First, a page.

The Lutheran-Calvinistic approaches paved the way for Friedrich Schleiermacher of the Eighteenth Century. For Schleiermacher, reading –albeit, interpreting Scripture –was an art and the reader assumes the role of an artist whenever they extract meaning from any given text. There is, if I may interject Gilles Deleuze and Mikhail Bahktin, through the reader assuming the role of an artist, the sense that the act of reading is a “meaning-making” process that is situated on a creative act (Deleuze’s term), or a creative activity (Bahktin’s term). Though Deleuze and Bahktin do not come along until the 20th century, Schleiermacher is their forerunner. Schleiermacher’s notion of the reader as artist is steeped in a sense of the creative act/activity that a reader must be gainfully employed in, if he reader intends to honor the text as a “meaning-making” device. This means that, when the reader is engaged in the reading process, the reader is experiencing the text, where that experience of the text is predicated on what Schleiermacher calls “feeling” and “self-consciousness.”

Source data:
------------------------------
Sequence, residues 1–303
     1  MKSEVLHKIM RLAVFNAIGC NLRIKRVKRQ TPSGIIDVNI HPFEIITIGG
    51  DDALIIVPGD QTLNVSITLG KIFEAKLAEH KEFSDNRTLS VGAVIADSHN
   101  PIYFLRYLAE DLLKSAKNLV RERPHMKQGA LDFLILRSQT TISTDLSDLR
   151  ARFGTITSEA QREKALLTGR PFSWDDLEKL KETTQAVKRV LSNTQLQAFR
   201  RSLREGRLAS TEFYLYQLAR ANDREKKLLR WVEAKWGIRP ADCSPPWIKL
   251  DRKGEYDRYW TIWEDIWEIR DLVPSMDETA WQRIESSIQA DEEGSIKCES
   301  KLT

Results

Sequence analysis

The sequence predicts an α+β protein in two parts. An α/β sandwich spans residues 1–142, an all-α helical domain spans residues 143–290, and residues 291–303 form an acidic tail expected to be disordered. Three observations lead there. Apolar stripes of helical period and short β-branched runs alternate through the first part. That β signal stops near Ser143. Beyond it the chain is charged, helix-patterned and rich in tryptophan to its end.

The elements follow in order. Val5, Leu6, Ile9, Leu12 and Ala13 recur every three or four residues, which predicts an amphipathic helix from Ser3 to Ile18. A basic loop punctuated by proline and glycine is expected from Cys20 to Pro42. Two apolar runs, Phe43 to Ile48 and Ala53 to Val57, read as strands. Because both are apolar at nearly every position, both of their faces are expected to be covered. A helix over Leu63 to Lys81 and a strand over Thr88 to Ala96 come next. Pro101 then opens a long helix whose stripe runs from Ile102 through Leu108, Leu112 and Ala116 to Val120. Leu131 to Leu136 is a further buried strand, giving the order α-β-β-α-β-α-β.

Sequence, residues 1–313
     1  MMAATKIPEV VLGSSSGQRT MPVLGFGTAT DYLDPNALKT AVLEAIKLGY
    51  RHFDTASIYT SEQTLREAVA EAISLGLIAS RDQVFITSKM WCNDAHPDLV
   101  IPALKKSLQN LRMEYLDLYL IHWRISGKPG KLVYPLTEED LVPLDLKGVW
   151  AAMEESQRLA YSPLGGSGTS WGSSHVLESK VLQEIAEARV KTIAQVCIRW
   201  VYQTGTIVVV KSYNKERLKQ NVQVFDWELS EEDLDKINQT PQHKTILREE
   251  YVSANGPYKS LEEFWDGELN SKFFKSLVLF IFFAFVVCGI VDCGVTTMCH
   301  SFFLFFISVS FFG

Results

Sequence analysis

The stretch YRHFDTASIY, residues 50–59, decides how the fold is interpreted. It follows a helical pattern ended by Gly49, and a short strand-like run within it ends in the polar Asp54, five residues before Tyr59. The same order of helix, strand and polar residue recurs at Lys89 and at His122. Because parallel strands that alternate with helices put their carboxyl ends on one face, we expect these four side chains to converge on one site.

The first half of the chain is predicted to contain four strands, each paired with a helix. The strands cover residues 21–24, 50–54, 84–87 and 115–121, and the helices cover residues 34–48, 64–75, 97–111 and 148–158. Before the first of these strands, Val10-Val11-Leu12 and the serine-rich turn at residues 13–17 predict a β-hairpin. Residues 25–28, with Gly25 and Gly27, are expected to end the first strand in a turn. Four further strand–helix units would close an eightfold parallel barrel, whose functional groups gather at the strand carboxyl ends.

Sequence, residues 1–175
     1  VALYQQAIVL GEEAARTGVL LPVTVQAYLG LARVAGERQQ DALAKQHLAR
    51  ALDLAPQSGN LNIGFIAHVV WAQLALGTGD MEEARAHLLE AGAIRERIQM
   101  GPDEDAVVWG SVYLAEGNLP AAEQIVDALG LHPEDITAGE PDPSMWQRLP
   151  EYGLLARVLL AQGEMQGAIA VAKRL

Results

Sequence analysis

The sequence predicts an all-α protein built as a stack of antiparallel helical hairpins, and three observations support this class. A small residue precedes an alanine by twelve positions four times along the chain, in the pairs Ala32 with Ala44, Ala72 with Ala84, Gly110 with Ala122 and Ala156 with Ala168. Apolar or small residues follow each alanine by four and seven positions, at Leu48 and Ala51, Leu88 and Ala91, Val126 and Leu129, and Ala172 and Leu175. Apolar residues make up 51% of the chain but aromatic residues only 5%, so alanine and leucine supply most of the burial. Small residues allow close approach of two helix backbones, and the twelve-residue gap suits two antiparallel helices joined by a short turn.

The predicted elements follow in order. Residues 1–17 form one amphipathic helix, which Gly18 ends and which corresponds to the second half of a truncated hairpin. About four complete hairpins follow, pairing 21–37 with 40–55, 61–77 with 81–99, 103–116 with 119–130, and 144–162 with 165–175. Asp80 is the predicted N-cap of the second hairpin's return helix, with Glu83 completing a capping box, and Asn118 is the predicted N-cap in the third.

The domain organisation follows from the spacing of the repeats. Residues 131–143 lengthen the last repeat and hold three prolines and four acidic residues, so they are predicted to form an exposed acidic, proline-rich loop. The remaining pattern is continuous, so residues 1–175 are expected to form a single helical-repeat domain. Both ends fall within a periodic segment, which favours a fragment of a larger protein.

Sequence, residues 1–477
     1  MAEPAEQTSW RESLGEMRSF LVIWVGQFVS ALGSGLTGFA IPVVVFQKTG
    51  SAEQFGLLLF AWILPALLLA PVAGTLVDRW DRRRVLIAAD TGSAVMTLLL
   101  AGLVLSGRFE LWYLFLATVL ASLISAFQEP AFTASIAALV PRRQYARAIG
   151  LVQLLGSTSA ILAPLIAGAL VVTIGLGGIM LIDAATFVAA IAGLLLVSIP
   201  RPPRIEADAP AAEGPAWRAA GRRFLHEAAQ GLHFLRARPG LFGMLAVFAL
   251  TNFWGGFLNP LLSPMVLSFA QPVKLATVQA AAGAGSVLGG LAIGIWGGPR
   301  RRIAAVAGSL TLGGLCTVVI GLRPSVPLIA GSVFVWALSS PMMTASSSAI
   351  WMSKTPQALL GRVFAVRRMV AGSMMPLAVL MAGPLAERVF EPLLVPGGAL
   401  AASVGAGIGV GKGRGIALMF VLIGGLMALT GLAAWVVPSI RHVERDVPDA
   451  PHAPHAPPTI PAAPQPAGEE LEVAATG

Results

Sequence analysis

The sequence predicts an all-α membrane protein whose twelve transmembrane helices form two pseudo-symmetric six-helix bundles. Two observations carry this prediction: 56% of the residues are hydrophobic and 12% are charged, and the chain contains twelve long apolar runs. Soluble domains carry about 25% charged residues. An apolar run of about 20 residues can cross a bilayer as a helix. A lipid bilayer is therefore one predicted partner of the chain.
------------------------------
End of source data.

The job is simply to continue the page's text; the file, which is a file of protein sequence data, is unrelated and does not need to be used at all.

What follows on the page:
In The Christian Faith published in 1821-1822, Schleiermacher’s conception of the church is one that is rooted in hermeneutics: the interpretation of what the Church is, what the Church should do, and how the Church should function with respect to its representation in Scripture and its role in the Christian community. Hermeneutics, then, for Schleiermacher, “feeling” and “self-consciousness” is a two-fold experience which he describes in the following manner:
In the first place, it is everybody’s experience that there are moment in which all thinking and willing retreat behind a self-consciousness of one form or another; but in the second place, …this same form of self-consciousness persists unaltered during a series of diverse acts of thinking and willing…